96: Ex-Beatles Helping Ex-Beatles (in the studio)

March 12, 2017

Podcast, Podcasting

1210- - 16

Covering the period of John’s lifetime, Richard and Robert examine the recordings produced by the formerly Fab foursome and how their individual artistry contributed to each other’s work. 

Songs include “I’m The Greatest and “Oh My Love.” 

Find Robert’s books here.

Find Richard’s books here.

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    6 Responses to “96: Ex-Beatles Helping Ex-Beatles (in the studio)”

    1. rickylee369 Says:

      Well, I’m twenty minutes in so far and as usual, am not just being entertained, but learning too, which I guess is the trick.

      Stunned also. I know more than the average fan about the Fabs, but am less than scholarly, and am amazed again at the availability of offcuts and alternate takes these days. For someone who in the mid 80s could count on only a few Apple Trax and Lost Lennon boots from Camden market (courtesy of my fanatical father whose birthday it is today and who genetically modified into me a love of music bred before I was), many of your shows have pointed me in the right direction and now I am subscribed to some great internet channels with studio chatter aplenty.

      I am again, banging on, with the cancerian feel of a Ringo on the White album, but I hope you can understand my new found fervour of a dug up acolyte. The Beatles have always been there, but my studies were interrupted by my 20s and 30s when (taking as a starting point) I ventured sonically into new avenues. I went through all the phases, Acid House, Hip Hop, and anything remotely underground, dark and light shades all encompassed.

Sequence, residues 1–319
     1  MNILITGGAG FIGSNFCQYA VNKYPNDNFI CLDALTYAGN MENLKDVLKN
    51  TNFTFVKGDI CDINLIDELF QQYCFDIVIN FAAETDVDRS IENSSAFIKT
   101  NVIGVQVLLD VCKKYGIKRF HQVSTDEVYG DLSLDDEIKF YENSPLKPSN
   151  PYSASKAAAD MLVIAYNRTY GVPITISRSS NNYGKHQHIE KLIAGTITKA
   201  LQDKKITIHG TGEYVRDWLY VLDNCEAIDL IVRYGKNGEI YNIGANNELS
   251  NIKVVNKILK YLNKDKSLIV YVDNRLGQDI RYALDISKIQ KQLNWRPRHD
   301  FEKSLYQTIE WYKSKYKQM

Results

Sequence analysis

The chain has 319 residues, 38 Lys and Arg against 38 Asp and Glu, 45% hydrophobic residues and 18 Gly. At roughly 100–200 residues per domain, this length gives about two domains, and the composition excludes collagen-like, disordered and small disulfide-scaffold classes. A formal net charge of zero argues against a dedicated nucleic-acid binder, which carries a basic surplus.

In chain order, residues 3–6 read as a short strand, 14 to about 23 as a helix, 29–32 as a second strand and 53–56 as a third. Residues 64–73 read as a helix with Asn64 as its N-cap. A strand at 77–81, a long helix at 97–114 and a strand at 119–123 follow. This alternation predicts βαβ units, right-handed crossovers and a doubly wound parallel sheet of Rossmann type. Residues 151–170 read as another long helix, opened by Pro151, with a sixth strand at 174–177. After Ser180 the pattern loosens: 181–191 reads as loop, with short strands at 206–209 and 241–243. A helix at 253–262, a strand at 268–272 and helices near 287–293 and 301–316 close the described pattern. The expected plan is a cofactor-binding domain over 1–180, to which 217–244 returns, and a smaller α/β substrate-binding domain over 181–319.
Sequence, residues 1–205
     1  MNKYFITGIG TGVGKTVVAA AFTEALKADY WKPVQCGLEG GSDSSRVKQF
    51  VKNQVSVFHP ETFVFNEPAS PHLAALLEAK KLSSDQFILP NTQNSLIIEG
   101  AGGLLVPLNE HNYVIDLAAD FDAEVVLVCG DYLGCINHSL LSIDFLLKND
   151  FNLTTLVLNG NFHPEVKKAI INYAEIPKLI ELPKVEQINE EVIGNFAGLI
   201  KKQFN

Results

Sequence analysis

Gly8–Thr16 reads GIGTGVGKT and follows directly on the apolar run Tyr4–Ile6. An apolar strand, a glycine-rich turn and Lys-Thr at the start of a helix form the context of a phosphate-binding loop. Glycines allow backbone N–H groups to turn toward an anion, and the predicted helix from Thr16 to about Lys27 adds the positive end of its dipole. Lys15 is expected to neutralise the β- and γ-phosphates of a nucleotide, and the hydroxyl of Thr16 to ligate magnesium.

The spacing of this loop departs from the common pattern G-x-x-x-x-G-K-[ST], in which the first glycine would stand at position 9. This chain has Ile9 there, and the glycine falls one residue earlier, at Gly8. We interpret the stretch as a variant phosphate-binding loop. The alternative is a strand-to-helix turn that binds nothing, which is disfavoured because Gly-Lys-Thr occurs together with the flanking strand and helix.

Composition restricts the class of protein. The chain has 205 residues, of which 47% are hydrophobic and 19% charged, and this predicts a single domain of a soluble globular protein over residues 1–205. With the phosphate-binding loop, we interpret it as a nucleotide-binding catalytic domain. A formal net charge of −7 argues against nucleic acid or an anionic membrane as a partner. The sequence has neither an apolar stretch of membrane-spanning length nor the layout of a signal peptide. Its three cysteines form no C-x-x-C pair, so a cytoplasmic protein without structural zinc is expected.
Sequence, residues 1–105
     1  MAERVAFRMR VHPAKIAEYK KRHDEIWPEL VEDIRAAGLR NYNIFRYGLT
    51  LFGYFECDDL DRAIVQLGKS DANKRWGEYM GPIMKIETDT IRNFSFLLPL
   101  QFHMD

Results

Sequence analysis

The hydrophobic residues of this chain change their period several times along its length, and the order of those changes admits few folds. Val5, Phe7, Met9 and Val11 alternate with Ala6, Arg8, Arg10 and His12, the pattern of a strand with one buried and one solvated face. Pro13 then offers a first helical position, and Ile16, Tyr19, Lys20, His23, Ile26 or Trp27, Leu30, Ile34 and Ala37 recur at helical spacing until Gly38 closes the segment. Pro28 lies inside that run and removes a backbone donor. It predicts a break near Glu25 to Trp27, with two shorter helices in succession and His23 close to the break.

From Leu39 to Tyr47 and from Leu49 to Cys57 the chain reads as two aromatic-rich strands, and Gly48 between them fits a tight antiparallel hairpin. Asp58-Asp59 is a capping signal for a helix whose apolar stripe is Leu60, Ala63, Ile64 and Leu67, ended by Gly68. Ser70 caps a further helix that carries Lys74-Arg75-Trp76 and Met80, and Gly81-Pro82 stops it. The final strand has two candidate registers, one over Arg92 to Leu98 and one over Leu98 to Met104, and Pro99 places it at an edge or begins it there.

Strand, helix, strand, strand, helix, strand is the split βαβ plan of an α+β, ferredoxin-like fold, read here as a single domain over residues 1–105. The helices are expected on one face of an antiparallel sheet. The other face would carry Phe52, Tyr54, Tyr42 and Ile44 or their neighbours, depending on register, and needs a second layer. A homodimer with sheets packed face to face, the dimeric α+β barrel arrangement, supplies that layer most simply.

So I have some questions, which may be dealt with in a future listener inspired show, but which I am more than happy to have dealt with ad hoc, in absentia or adversely.

      First, but truthfully, by no means, judging from the length of this post thus far (I use thus for effect and clarity rather than pomposity which is reserved for the rest of my prose as you can plainly see) I would suggest that I’m The Greatest is at best a misnomer. Johns version is better (though your chosen take sounds deliberately (?) feeble) but it is still pretty weak and though it was all peace I am certain John knew this deep down, after all, a man that fought for A sides just a few years earlier would not have just ‘given’ a masterpiece to Ringo. I will admit too, that emotional attachment to songs that have become part of the DNA can cloud objectivity which is why your show, as well as introducing a great deal of potential psychology of the band, is welcome as it forces me to reappraise certain things, and which, as has been evident in all my Beatles experience is something that fluctuates, evolves, descends and becomes primal joy before unleashing bliss and harmony in waves equally putrid and pure… And yes, I am talking bollocks again…

      You mentioned Wanderlust, which is to my ears, inoffensive, but which I assume (daftly) that you will hate. I heard the Brian Wilson version again today and he does a decent stab (a minute or so too long though) and I reckon it would sit well if it had come out in the post (original) Smile era and could even have made Pet Sounds (Sacrilege) as it has that vibe and potential. You will think I am mad for suggesting it, but Wilsons version is better than McCartneys even though the vocals are ropey, I think it would have benefited from the Sandbox treatment. I actually also think the drums (though intrusive) make Wanderlusts original much stronger.